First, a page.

DRAWINGS

The preferred embodiments of the present invention are illustrated with reference to the accompanying drawings, wherein:

FIG. 1 illustrates a known electrical shock system used for bird control;

FIG. 2 illustrates a wiring system used for the bird control system according to one embodiments of the present invention; and

FIG. 3 is a view illustrating the connections used for the bird control system according to an embodiment of the present invention.

DETAILED DESCRIPTION FOR THE PREFERRED EMBODIMENTS OF THE PRESENT INVENTION

The present invention is directed to a wiring system for deterring animals, small creatures and birds from entering defined regions. The wiring system according to the embodiments of the present invention maximizes the coverage area for these electrical deterrent regions while minimizing the amount of wire and material to provide this coverage. A wiring system 200 for one embodiment of the present invention will be described with reference to FIG. 2. The wiring system 200 includes first wires 210 1, 210 2, . . . , 210 n having a first polarity and second wires 220 1, 220 2, . . . 220 n having a second polarity opposite to the first polarity that alternate between the first wires 210 n. It is essential to have the first wires 210 n and the second wires 220 n alternate so that any two adjacent wires have opposite polarities. For example, the wiring system 200 may be configured so that the first wires 210 n have a positive polarity and the second wires 220 n have a negative polarity. Because the wiring system 200 is configured so that any two wires are opposite in polarity, a circuit will be completed that generates an electrical shock any time that a creature or bird touches two adjacent wires.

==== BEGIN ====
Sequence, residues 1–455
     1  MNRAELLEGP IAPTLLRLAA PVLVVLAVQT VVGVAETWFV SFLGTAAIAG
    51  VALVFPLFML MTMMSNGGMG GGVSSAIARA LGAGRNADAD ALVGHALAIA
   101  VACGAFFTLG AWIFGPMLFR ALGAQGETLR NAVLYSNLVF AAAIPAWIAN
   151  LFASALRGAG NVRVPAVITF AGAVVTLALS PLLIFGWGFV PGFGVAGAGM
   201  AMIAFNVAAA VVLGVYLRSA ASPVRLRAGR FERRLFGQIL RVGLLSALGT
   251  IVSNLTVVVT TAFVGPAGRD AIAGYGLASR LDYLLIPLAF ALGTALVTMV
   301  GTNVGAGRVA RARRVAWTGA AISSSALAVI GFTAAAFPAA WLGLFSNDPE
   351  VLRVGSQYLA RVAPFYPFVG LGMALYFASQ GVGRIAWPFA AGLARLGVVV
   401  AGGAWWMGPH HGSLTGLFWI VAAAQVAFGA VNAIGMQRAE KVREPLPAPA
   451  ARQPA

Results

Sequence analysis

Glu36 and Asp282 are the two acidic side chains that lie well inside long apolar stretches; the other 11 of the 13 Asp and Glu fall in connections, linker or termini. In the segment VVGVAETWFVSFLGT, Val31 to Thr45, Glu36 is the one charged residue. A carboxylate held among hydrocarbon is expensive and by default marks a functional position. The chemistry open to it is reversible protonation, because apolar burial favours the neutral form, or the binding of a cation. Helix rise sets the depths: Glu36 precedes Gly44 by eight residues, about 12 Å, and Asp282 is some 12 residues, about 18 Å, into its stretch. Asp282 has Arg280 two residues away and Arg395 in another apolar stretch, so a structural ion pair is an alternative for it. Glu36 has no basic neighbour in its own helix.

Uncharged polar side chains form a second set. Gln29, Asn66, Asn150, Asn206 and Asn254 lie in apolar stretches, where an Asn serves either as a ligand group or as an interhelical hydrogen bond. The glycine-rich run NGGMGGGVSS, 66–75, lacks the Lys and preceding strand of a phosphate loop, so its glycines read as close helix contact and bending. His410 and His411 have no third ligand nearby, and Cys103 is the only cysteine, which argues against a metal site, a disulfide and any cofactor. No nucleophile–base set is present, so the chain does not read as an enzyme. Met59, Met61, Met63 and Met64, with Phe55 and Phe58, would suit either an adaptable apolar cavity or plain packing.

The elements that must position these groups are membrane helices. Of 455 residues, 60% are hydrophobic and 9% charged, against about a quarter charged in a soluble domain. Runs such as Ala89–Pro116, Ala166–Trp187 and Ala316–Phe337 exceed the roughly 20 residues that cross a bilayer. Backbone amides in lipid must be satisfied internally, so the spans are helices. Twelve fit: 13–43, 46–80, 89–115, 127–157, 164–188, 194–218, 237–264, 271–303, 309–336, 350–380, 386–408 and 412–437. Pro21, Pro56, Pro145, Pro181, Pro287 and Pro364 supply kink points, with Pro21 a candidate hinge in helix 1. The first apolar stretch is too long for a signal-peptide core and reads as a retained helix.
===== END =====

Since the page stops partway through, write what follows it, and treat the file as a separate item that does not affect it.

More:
The wiring system 200 of FIG. 2 may be easily set up and modified to provide an optimal deterrent system for any creature or bird from a desired region or area. For instance, the wires 210 n and 220 n may be uniformly spaced at approximately one-half to one inch apart to provide a ledge or landing area for smaller birds or creatures. If it is desired to prevent larger birds from entering desired regions, the wires 210 n and 220 n may be spaced from 2-6 inches apart so that a ledge or landing area is provided for slightly larger creatures or birds. Further, the wires 210 n and 220 n may be spaced at greater distances for even larger creatures or birds. The embodiments of the present invention allows for easy installation and efficient use of the wiring system.